Goldman Sees Hard Times for Stock Pickers Again as Favorites Lag
(Bloomberg) -- After a legendary fightback, active managers are at risk of blowing a big year as the delta-variant surge threatens the great reopening trade.
With defensive wagers like Big Tech reclaiming the equity leaderboard and undervalued companies harder to find, stock pickers are finding life tougher after notching big gains in the early-2021 market rebound.
After the best first-half since 2003, long-short equity funds have risen just 0.8% since the end of June, a Hedge Fund Research index shows. One-third of large-cap mutual funds are beating their benchmarks this quarter, compared with 57% in the first three months of 2021, Goldman Sachs Group Inc. data show.
Other metrics paint a starker reality for fast-money investors, even as they draw in billions of dollars after a decade to forget.
Their recent struggles have sent the six-month return on a Goldman Sachs basket of equities beloved by hedge funds to 13 percentage points below the S&P 500. That’s the worst run since 2008, according to a note last week, and takes the shine off the industry’s strong start to the year overall.
“The environment for stock-picking had indeed improved earlier this year,” Ben Snider, senior strategist at Goldman, wrote in an email. “However, since the end of the first quarter, dispersion has declined, and it now registers in line with the very low levels that characterized the difficult stock-picking environment ahead of the pandemic.”
With the gap between winning and losing stocks widening in 2020, active managers exploited market dislocations to ride the broad equity recovery. But with megacaps like Microsoft Corp. and Apple Inc. dominating market gains since June, beating benchmarks is proving a tough business once more -- a challenge reminiscent of the pre-pandemic years.
All this comes despite the fact that the industry’s bearish bets are starting to pay off again after a brutal first quarter in which hordes of day traders banded together on Reddit to engineer short squeezes in companies like GameStop Corp.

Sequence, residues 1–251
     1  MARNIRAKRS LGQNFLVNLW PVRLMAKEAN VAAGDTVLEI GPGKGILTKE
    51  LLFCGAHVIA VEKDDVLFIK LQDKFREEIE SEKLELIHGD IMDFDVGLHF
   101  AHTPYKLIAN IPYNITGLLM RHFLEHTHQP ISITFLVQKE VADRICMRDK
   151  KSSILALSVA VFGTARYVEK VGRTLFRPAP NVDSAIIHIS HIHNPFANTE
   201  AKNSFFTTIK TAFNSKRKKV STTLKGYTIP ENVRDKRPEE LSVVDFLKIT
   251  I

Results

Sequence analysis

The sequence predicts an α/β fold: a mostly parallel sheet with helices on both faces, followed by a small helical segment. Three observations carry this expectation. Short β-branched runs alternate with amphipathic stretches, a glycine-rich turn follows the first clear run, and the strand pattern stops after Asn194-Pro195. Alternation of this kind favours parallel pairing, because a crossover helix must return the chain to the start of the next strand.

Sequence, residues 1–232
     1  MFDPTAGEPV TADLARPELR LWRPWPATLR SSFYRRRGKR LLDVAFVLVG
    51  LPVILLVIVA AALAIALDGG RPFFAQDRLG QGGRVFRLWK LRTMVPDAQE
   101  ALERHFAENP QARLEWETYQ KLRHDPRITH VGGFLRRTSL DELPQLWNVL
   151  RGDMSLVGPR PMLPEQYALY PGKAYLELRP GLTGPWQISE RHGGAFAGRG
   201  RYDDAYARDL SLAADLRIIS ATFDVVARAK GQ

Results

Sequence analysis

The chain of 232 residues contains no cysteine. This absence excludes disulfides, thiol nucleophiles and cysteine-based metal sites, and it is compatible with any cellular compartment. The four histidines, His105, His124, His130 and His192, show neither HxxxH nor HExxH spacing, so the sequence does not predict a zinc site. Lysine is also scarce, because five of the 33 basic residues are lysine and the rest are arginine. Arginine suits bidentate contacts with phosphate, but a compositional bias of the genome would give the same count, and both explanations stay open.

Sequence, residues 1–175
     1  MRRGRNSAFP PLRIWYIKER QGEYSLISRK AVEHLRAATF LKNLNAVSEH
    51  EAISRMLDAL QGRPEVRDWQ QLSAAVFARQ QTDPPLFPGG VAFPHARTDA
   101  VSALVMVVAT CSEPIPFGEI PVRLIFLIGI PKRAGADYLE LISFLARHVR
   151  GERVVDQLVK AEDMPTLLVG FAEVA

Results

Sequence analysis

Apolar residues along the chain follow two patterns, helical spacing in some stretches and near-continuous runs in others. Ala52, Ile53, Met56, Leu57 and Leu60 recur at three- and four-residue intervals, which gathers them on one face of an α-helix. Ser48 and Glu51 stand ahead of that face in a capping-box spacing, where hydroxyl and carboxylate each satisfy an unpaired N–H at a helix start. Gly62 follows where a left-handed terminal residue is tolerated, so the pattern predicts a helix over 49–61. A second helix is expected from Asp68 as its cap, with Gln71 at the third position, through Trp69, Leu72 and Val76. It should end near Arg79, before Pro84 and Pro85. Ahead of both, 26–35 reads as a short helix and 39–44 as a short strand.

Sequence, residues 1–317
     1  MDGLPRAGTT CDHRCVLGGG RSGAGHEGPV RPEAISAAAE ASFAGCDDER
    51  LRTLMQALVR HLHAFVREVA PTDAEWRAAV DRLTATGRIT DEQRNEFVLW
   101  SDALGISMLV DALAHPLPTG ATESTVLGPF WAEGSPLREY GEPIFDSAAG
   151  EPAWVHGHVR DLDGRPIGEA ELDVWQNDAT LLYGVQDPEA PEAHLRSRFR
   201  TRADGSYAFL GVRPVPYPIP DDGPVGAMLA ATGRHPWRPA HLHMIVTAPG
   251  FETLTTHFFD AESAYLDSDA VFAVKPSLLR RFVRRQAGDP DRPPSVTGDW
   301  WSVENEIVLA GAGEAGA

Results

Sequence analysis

As retail-trading activity subsides from peaks, a basket of the most-shorted stocks has trailed the broader market this quarter -- meaning hedge funds’ bearish wagers are finally making money.
But rising infections and new fears on economic growth are testing the bullish case for investors of all stripes, with the S&P 500 sitting on a 19% gain for the year.
Last week, Morgan Stanley’s hedge-fund clients cut net leverage worldwide -- their long minus short positions -- to levels below one-year averages. Managers pared exposure to cheap stocks typically more tethered to the business cycle, known as the value factor, while adding bets on companies expected to grow earnings far into the future.
“If you start to see growth headwinds or this delta variant as a reason to be cautious over a one- or two-quarter period, it’s not unlike a lot of these faster-money guys to shift their portfolios like that,” said Benjamin Dunn, who helps hedge funds monitor risk as president of Alpha Theory Advisors.
Still, there’s little appetite for betting against the bull market. The median S&P 500 stock now records a short interest of just 1.5% of its market value, matching a record low near the peak of the dot-com bubble, Goldman data show.
“The unpredictability of retail-driven short squeezes has made it difficult for fund managers to short stocks,” Goldman’s Snider said.
All told, it’s getting tougher for active managers to prove their prowess after an extraordinary first-half defined by the historic value recovery and the return to more healthy market patterns.
Conviction on what’s next for the cross-asset rally is also hard to find on Wall Street, given the delta variant’s impact on economic growth is hard to read between a strengthening U.S. job market and faltering survey figures.
“There’s this soft data but the hard data is still ridiculously strong,” said Alpha Theory’s Dunn. “We just don’t know what the hell is going on in the world, in markets.”
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